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Clutch Master Cylinder Leak

Drone Dog

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i have a leak at my master cylinder. it is a slow leak but it leaks. it looks to be coming from around the fitting, from the reservoir. either that or i have a porous casting. most likely the fitting.

the master cylinder is new but the pipe is original. No problem with the brake one, just the clutch. And no leaks at the pedal box.

tomorrow i plan to take it out and put something on the threads. any suggestions here on what to use? it will be easier to use something other than tape since it is so hard to get both hands in there to wrap any tape on it.

i am using DOT5 fluid.

Thanks
 
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John Turney

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Re: leak at clutch master cylinder

The flair on the pipe may have hardened and cracked, or the nut may not be tight enough, or the conical surface on the MC may be contaminated, or .... The sealing surface is the flair against a conical surface in the cylinder. Putting anything on the threads won't help. If the nut is tight enough and the surfaces are not contaminated with debris, and if you have a bit of slack in the pipe, you might cut the flair off and re-flair.
 
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Drone Dog

Drone Dog

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Re: leak at clutch master cylinder

John
Deep down, i figured it would not be something i could just fix with some sealant. never that simple right?

going to pull the line out tomorrow. hopefully it is just something not letting it seat. but probably not.

thanks
 

Jack T

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Re: leak at clutch master cylinder

To seal threads on gas or oil line fittings I use plumbers paste with PFTE. Might work with brake fluid as well.
 

steveg

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Re: leak at clutch master cylinder

.... The sealing surface is the flair against a conical surface in the cylinder....

I second this. There is no sealing on the threads - all of it is between the flare and the curved seat in the master cylinder.

If the line is stock plain steel or cunifer (copper alloy) you may be able to anneal the flare and get it to re-seat. If it's stainless, forget it.

If you have the dies to re-flare it, might as well buy some pipe and do it new.

Otherwise you'll need a new pipe, which Moss sells.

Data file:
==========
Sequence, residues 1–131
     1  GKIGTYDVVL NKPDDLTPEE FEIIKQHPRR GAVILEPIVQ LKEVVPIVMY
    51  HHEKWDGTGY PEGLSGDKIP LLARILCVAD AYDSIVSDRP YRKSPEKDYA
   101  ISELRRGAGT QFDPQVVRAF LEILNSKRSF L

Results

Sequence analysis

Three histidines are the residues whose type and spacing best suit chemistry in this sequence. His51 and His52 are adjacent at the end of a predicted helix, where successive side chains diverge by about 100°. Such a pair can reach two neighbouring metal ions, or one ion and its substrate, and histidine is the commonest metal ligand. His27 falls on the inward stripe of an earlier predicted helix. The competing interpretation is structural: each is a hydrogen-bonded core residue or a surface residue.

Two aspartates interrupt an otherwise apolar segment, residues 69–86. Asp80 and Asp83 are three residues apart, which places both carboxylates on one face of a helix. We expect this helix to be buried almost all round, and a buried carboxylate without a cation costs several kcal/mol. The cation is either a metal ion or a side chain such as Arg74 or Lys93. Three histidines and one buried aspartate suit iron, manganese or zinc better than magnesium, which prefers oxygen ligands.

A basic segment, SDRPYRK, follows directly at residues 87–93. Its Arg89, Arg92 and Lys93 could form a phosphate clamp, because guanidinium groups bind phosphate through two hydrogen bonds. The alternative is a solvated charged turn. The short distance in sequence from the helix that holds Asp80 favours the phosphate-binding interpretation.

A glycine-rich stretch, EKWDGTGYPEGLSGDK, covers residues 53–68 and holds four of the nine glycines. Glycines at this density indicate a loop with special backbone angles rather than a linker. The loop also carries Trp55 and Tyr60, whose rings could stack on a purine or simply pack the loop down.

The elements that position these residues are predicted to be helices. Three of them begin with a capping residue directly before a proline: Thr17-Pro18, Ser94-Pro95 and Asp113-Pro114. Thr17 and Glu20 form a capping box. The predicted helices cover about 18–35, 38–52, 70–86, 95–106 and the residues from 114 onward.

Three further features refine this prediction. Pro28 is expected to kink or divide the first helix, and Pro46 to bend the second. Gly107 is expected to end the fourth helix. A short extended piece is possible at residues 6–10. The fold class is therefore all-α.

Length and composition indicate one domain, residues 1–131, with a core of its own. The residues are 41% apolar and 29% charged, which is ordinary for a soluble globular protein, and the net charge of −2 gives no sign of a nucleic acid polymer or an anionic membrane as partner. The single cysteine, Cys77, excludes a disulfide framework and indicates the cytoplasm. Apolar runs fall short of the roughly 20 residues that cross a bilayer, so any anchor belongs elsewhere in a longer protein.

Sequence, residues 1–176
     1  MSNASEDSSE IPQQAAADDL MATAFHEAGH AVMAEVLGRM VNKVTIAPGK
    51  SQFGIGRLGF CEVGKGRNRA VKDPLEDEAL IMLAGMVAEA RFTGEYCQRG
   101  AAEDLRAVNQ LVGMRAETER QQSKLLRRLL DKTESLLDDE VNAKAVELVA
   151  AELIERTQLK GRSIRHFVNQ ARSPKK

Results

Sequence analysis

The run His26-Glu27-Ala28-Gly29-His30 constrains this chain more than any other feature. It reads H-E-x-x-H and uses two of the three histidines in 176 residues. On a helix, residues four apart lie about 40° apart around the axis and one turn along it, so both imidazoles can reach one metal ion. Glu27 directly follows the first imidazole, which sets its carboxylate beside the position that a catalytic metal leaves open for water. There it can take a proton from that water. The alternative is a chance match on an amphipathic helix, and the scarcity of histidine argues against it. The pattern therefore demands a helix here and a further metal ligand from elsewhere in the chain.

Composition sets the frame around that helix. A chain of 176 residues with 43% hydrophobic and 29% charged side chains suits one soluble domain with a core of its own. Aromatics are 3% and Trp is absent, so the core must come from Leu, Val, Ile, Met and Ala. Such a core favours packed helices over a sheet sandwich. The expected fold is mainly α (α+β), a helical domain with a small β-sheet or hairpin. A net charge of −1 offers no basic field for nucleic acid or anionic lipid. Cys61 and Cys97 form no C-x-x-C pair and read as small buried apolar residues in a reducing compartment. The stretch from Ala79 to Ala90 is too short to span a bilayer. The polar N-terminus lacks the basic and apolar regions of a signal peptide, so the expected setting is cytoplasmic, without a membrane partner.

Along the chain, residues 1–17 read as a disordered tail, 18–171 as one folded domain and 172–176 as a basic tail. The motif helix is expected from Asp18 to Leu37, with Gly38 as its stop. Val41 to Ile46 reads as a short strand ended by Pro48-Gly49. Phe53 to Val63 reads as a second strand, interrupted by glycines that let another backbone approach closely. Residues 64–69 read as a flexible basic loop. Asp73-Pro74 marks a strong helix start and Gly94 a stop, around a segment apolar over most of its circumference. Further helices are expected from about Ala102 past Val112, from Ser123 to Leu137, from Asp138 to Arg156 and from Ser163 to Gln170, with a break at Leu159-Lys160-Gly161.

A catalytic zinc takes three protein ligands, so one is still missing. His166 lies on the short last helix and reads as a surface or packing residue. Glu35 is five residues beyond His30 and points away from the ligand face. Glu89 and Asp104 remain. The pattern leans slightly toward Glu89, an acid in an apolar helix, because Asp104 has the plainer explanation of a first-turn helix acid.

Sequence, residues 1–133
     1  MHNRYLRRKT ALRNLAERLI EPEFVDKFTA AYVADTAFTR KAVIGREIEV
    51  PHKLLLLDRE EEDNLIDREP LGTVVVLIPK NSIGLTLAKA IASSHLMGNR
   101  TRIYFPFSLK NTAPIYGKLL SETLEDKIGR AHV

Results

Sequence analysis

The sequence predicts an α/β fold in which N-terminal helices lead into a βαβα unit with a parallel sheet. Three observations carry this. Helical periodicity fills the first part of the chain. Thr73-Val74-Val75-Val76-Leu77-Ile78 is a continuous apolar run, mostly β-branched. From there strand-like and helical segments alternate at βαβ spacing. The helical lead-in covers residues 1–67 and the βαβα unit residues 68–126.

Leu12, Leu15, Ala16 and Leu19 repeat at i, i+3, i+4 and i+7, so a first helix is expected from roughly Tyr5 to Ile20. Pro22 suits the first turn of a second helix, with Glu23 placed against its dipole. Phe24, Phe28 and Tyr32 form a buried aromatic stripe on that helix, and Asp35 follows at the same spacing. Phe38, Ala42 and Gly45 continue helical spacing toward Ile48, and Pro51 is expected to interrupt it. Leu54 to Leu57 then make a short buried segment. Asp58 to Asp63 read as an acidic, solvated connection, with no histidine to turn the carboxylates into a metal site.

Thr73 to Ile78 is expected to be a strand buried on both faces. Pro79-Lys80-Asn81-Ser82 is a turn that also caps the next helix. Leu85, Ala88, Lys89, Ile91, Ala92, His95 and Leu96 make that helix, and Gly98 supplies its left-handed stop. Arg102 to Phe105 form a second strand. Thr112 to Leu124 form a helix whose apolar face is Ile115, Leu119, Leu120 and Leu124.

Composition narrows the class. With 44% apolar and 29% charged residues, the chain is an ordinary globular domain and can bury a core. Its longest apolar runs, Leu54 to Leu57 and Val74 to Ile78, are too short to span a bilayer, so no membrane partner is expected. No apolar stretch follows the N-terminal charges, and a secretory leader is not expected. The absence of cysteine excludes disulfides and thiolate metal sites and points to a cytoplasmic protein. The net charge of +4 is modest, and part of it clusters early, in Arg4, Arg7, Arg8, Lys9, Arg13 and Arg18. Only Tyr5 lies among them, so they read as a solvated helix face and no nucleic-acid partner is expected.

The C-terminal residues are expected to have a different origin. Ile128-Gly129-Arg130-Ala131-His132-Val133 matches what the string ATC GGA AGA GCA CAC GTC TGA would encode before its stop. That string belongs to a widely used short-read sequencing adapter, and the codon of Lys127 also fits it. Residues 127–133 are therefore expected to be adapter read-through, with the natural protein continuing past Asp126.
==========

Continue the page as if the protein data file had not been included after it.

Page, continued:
RAC68

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Hi Drone Dog,

I don't mean to expand your issue but have you identified the location of the leak specifically within the reservoir-MC line? If not, I would suggest you look under the dash and pull back the rubber cup over the clutch rod. I use silicone brake fluid and, although it does not absorb moisture, is sometimes a little more prone to leaking. When my Healey sits for a significant period, my first push on the clutch meets little resistance. However, the second push is back to normal and all those pushes that follow. I have experienced this a few times over a 10-year period and, although I have considered rebuilding the master, never felt the urgency based upon the number of repetitive happenings. One of these days I will climb under the dash and replace the Clutch MC rubber and eliminate this small leak.

Just my thoughts,
Ray(64BJ8P1)
 
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Drone Dog

Drone Dog

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Ray
Thanks for the reply. pretty sure where the leak is.

when i was driving the car more, in the summer, i would usually check the reservoir probably every couple of hundred miles with all the other fluids. i could see it would be down a little each time. not a lot but a little. both in the brake side and the clutch. i checked all around, including at the pedal box, for leaks. could not find anything anywhere. i kept watching it and adding a little back each time. again very little. after a while i assumed maybe it was leaking at the cap while i was driving. always looked a little wet around the cap. i made a new gasket for the cap with that in mind. Still no other leaks showed after drives or in the shop while the car was sitting.

once in the fall i had started the car to move it over to the other side of the shop so i could work on another car. i don't like to start cars up and run them just a few minutes so i let the car run for a while until i was sure it was warmed up. the whole time it was sitting in the driveway. later in the driveway i could see a small puddle of what i thought was a little oil. usually do not get this but figured i would keep an eye out. next few drives, no drips or puddles.